The German commander at Beersheba (Eric Reiman) is temporarily befuddled by an artillery barrage that’s designed to throw up dust. Out of this murk come hundreds of Australian Light Horsemen, in a great charge across open ground, followed by heavy hand-to-hand fighting. Red Gallagher (Grant Taylor), the only one of the three mates left alive, takes his place in the charge.
The charge at Beersheba is often described as the last great cavalry charge of modern warfare, although there are controversies about whether it was necessary, or even a cavalry charge, in the technical sense of those words. Whatever it was, it had become a legendary attack by the time that Chauvel recreated it, and the sequence was worthy of the charge’s reputation.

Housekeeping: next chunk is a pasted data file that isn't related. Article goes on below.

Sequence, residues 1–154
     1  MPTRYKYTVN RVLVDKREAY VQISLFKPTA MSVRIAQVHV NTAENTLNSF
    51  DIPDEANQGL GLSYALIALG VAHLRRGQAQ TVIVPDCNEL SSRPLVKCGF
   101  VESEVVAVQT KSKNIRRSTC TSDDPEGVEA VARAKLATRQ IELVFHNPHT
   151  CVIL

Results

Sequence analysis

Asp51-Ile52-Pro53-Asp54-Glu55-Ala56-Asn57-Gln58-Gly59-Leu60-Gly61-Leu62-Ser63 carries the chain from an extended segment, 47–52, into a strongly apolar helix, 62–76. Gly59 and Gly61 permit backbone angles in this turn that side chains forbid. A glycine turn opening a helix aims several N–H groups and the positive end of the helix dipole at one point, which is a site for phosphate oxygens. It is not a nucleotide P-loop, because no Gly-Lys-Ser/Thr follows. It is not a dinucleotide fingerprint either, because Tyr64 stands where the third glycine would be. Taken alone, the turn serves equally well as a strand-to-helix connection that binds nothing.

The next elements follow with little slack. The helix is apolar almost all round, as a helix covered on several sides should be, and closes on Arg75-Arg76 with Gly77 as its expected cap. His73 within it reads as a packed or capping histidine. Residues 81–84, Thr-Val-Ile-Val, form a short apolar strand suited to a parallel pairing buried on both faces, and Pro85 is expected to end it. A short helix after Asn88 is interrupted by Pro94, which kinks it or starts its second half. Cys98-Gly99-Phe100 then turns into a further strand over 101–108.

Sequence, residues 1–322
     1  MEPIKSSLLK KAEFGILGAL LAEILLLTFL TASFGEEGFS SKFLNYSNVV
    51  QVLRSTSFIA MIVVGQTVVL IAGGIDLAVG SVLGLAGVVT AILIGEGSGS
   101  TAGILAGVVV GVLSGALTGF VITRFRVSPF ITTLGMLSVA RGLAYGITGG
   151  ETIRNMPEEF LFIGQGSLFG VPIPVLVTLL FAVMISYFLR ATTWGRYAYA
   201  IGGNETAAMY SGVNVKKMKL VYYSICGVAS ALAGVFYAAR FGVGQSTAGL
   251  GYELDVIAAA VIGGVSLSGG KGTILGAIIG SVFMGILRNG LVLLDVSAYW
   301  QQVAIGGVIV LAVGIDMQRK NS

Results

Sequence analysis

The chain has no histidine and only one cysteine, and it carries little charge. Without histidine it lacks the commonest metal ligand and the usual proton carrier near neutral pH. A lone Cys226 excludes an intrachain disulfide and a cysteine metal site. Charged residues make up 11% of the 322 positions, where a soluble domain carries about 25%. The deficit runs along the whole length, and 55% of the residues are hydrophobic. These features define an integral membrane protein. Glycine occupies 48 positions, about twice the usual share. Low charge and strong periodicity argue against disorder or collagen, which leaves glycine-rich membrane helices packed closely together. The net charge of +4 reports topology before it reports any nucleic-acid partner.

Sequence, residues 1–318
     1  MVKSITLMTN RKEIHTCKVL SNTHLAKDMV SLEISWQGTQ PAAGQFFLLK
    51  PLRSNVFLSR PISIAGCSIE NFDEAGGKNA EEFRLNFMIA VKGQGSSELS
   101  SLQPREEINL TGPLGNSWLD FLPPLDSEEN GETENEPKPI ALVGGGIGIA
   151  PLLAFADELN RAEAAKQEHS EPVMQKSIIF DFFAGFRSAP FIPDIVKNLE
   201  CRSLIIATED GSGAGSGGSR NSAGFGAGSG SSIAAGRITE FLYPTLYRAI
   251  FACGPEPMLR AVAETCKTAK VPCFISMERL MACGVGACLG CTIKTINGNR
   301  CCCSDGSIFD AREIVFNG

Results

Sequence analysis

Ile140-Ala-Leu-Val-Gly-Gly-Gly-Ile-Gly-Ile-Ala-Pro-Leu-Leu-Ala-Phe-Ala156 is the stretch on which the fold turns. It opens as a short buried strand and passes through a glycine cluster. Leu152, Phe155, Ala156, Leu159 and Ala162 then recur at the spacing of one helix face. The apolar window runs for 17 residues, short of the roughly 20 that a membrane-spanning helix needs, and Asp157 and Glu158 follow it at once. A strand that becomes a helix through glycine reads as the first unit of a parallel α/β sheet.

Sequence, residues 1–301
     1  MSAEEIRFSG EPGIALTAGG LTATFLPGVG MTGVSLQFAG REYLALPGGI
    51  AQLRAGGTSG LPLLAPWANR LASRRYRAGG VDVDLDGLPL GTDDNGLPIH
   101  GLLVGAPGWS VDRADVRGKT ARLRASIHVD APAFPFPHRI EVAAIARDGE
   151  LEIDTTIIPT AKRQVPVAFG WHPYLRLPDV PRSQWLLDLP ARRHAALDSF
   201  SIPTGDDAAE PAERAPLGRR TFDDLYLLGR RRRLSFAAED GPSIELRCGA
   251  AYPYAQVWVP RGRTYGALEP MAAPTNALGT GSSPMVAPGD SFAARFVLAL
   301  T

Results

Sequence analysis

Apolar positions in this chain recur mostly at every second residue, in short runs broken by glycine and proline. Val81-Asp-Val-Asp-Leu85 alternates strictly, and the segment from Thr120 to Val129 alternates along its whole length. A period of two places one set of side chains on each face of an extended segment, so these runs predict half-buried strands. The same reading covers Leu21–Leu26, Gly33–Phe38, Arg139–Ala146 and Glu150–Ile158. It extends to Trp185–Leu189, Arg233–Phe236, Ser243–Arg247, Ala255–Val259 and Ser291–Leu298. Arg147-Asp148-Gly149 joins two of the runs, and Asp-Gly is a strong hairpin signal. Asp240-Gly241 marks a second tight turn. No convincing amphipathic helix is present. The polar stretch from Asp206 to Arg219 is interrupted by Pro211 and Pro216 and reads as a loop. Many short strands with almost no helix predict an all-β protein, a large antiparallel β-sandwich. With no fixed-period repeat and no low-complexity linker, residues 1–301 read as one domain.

Most of the charge on flat ground was not shot at Kurnell, but later, on the Western Plains near Orange. The editing of the sequence, by William Shepherd, shows a sophistication that was not often present in Australian films of the 1930s. According to some Australian film historians, this was the sequence that helped put Australian filmmaking on the map. Graham Shirley and Brian Adams, in their book Australian Cinema – The First 80 Years, wrote that ‘this sequence went a long way towards making Forty Thousand Horsemen the first Australian film of genuine international stature’. The charge at Beersheba was recreated again in Simon Wincer’s film, The Lighthorsemen, from 1987.